Maximum takeoff weight
The maximum takeoff weight (MTOW) or maximum gross takeoff weight (MGTOW) or maximum takeoff mass (MTOM) of an aircraft is the maximum weight at which the pilot is allowed to attempt to take off, due to structural or other limits. The analogous term for rockets is gross lift-off mass, or GLOW. MTOW is usually specified in units of kilograms or pounds.
MTOW is the heaviest weight at which the aircraft has been shown to meet all the airworthiness requirements applicable to it. MTOW of an aircraft is fixed and does not vary with altitude, air temperature, or the length of the runway to be used for takeoff or landing. A different weight, the "maximum permissible takeoff weight" or "regulated takeoff weight", varies according to flap setting, altitude, air temperature, length of runway and other factors. It is different from one takeoff to the next, but can never be higher than the MTOW.
Certification standards applicable to the airworthiness of an aircraft contain many requirements. Some of these requirements can only be met by specifying a maximum weight for the aircraft, and demonstrating that the aircraft can meet the requirement at all weights up to, and including, the specified maximum. These requirements include:
- structural requirements – to ensure the aircraft structure is capable of withstanding all the loads likely to be imposed on it during maneuvering by the pilot, and gusts experienced in turbulent atmospheric conditions.
- performance requirements – to ensure the aircraft is capable of climbing at an adequate gradient with all its engines operating; also with one engine inoperative.
At the MTOW, all aircraft of a type and model must be capable of complying with all these certification requirements.
With several of the manufacturers of large aircraft, the same model of aircraft can have more than one MTOW. An operator can choose to have the aircraft certified for a reduced weight, often for a reduced cost with an option to later increase the MTOW for a fee and the cost of certification change. Some airlines which do not require a high MTOW choose to have a lower MTOW for that particular aircraft to reduce costs (Landing fees and air traffic control fees are MTOW based).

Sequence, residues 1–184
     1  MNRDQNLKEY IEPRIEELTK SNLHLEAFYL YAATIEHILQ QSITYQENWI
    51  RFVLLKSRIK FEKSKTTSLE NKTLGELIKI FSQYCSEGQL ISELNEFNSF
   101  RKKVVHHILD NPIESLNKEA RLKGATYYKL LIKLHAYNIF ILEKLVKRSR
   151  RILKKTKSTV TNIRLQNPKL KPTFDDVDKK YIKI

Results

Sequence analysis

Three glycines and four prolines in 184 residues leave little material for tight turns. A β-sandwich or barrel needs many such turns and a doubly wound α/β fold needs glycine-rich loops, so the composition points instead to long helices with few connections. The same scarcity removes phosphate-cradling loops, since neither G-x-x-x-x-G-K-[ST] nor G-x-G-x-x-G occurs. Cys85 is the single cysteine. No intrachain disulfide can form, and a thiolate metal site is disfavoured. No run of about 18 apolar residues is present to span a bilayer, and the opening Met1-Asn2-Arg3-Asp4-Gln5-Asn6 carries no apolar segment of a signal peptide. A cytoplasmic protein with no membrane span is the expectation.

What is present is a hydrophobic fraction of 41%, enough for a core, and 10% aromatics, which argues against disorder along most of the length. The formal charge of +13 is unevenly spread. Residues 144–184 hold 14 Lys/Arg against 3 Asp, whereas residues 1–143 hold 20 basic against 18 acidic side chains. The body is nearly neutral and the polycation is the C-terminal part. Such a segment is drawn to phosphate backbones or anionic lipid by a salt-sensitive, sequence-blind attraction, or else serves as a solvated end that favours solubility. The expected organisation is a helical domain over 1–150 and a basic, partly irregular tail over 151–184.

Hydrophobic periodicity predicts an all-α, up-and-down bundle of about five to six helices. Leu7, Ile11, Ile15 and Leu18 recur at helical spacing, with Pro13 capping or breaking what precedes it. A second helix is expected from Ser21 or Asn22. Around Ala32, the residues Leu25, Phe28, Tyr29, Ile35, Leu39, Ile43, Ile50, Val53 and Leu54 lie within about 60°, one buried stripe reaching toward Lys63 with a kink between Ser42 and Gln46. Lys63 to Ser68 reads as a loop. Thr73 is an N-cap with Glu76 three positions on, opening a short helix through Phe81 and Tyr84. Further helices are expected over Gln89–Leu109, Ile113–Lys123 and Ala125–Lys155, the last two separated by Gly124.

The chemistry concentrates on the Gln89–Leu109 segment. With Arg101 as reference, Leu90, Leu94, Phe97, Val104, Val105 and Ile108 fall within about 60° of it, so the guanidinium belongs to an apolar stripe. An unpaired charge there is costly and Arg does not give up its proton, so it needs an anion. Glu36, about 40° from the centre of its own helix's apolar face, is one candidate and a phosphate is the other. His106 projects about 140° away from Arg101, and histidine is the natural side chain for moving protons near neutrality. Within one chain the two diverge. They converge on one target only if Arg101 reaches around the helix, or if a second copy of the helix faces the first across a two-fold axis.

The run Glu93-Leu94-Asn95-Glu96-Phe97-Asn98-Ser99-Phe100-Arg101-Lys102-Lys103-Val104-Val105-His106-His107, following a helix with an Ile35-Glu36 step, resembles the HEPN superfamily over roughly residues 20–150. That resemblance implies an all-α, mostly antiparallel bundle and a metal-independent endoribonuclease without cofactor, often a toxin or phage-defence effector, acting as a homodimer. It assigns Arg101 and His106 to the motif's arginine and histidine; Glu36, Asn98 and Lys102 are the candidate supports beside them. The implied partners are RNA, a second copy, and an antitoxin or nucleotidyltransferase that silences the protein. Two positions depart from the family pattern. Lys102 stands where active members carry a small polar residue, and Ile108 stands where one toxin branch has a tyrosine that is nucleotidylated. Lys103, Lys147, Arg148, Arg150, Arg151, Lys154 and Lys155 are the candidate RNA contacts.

In other examples an increased MTOW option is achieved by reinforcement due to additional or stronger materials. For example, the Airbus A330 242 tonnes MTOW variant / A330neo uses Scandium–aluminium (scalmalloy) to avoid an empty weight increase.
Maximum permissible takeoff weight or maximum allowed takeoff weightEdit
In many circumstances an aircraft may not be permitted to take off at its MTOW. In these circumstances the maximum weight permitted for takeoff will be determined taking account of the following:
- Wing flap setting. See the Spanair Flight 5022 crash
- Airfield altitude (height above sea-level) – This affects air pressure which affects maximum engine power or thrust.
- Air temperature – This affects air density which affects maximum engine power or thrust.
- Length of runway – A short runway means the aircraft has less distance to accelerate to takeoff speed. The length for computation of maximum permitted takeoff weight may be adjusted if the runway has clearways and/or stopways.
- Runway wind component – The best condition is a strong headwind straight along the runway. The worst condition is a tailwind. If there is a crosswind it is the wind component along the runway which must be taken into account.
- Condition of runway – The best runway for taking off is a dry, paved runway. An unpaved runway or one with traces of snow will provide more rolling friction which will cause the airplane to accelerate more slowly. See the Munich air disaster
- Obstacles – An airplane must be able to take off and gain enough height to clear all obstacles and terrain beyond the end of the runway.
The maximum weight at which a takeoff may be attempted, taking into account the above factors, is called the maximum permissible takeoff weight, maximum allowed takeoff weight or regulated takeoff weight.
- "ICAO's Policies on Charges for Airports and Air Navigation Services" (PDF). Retrieved 15 September 2013.
- FARNBOROUGH: Airbus outlines A330neo engineering demands
- Scalmalloy aluminum-magnesium-scandium alloy Archived 15 August 2016 at the Wayback Machine Airbus Technology
- Metal 3D Printing Material Scalmalloy Could be the Aircraft Material of the Future. 3DPrint.com, Sarah Saunders. Jul 20, 2018.